Some climate and anti-fossil fuel groups have been working with specific TikTok creators and accounts around Willow, but no one group has spearheaded the online movement around the project. Similar TikTok campaigns have sprung up in the past few years around banning oil drilling in the Arctic National Wildlife Refuge and stopping the Line 3 pipeline in Minnesota, but few have captured as much attention as Willow.
          "I've been doing this for a long time and it's very rare to see a climate issue go viral," said Alaina Wood, 26, a scientist, climate activist and TikTok creator.
          Wood told CNN she thinks the profile of climate has grown on apps frequented by younger generations, especially given Biden's climate law passed last year. But there is also a lot of anxiety and fear about the climate crisis on TikTok -- sentiments the Willow Project has captured and amplified.
          "Anytime a project like this goes viral, the climate doom also goes viral," Wood said, adding she's made videos to try to counter the climate doomerism proliferating among some young people. "A lot of young people are under the impression that if Willow gets passed, climate change will be irreversible. We still need to fight Willow, but your life isn't over if it's passed."
          @thegarbagequeen #stitch with @.definitelynotray This is really scary stuff we're dealing with, so it's okay to feel what you're feeling. Just don't let it lead to inaction — or to give up on your future. Together we will address it — no matter what happens with Willow. Don't feel like you have to carry the weight of all of it in your shoulders though. This is a team effort, and our team is growing in numbers and power every single day. Don't give up the fight, but don't be afraid to take steps to protect your mental health. #StopWillow #StopTheWillowProject #WillowProject #ClimateAnxiety #ClimateChange #ClimateGrief ♬ original sound - Alaina | Good Climate News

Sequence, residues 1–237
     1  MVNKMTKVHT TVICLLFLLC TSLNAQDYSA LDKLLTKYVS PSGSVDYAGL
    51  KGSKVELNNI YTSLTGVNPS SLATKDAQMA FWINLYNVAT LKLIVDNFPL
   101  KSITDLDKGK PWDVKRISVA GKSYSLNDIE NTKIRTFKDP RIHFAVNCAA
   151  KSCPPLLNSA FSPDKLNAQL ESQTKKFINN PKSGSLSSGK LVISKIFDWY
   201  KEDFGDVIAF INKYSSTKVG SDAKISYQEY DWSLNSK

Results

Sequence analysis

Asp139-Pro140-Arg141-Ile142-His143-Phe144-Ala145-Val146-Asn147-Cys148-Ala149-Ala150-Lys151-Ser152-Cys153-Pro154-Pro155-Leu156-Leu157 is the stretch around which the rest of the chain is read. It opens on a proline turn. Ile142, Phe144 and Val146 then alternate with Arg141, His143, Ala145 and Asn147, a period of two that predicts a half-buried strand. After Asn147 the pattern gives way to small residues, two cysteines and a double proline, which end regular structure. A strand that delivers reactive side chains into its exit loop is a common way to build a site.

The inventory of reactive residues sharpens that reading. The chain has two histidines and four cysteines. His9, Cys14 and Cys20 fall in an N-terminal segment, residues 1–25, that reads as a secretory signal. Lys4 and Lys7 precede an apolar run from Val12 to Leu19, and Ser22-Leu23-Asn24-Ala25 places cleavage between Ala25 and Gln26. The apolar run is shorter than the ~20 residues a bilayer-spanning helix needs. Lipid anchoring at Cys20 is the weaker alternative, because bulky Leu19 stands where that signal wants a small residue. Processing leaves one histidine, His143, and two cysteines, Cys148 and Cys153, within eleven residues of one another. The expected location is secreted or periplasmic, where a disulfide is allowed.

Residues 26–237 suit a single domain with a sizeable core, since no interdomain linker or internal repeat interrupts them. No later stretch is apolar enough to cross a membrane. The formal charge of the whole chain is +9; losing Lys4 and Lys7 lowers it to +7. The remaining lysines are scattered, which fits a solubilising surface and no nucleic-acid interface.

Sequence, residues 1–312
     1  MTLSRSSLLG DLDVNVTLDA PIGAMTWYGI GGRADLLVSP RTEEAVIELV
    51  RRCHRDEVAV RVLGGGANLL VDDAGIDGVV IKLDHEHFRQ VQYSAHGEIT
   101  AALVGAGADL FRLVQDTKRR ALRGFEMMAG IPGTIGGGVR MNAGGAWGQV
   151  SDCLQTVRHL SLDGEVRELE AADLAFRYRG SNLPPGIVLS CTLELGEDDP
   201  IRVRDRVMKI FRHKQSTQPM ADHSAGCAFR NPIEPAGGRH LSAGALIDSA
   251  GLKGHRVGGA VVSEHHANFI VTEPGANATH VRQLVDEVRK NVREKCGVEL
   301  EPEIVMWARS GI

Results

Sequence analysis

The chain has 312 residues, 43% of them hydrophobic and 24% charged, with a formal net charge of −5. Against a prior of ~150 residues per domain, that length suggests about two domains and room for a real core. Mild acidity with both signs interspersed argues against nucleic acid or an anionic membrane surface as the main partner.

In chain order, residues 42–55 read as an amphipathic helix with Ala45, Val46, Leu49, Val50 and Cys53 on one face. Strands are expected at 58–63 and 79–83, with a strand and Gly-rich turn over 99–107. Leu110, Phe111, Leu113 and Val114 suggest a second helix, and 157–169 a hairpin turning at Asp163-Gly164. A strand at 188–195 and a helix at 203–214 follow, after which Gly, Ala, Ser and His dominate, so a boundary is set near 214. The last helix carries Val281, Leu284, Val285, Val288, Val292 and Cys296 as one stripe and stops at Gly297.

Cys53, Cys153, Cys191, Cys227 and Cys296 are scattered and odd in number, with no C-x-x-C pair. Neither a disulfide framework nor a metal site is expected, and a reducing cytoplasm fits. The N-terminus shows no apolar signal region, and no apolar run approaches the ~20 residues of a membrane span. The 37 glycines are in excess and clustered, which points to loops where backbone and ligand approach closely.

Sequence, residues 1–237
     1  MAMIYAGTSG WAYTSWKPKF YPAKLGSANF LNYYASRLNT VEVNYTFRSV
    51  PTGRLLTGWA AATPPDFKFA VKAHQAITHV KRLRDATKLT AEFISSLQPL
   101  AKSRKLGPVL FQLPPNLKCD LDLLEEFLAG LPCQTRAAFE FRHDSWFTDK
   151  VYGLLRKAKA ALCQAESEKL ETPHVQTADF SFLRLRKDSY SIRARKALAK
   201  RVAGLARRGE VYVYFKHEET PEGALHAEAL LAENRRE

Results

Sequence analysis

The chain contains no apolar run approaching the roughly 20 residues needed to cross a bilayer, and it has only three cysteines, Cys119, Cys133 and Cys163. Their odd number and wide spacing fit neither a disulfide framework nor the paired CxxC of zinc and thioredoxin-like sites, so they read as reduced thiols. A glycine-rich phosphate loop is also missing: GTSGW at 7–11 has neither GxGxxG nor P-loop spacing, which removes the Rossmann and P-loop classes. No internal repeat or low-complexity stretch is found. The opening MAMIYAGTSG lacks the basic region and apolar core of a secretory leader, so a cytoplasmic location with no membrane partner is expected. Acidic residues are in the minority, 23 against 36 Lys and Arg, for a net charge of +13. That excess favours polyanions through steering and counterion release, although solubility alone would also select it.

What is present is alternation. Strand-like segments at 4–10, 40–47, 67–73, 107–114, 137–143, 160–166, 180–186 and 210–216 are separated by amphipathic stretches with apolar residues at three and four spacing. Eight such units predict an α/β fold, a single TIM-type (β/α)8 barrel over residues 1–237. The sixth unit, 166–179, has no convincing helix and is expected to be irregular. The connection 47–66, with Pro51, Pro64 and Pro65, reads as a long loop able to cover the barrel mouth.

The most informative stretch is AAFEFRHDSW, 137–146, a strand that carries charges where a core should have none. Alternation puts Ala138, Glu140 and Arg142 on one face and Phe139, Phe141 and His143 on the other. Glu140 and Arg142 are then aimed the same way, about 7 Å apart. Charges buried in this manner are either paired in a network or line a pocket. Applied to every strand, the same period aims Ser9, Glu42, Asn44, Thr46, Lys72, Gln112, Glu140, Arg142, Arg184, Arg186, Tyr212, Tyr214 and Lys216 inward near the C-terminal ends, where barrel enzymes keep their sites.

The growth of #StopWillow TikTok has both befuddled and delighted legacy climate groups, some of which were wondering why it took so long for Willow to get noticed. Even though Biden has already cemented part of his legacy on climate by working with Congress to pass the most ambitious climate bill in generations, activists who fought Keystone XL and the Dakota Access Pipeline during the Obama administration say one thing remains constant: massive fossil fuel projects tend to fire people up.
          "Specific fights galvanize public attention way more than policy does," said Jamie Henn, the director of nonprofit Fossil Free Media and a former co-founder of the environmental organization 350.org. "These are the issues that capture the public imagination. It is really foolhardy to ignore that."
          The White House has shown it cares about reaching TikTok's vast, young audience. White House officials have invited TikTok creators to the White House multiple times, including for a meeting with Biden himself about the Inflation Reduction Act in October.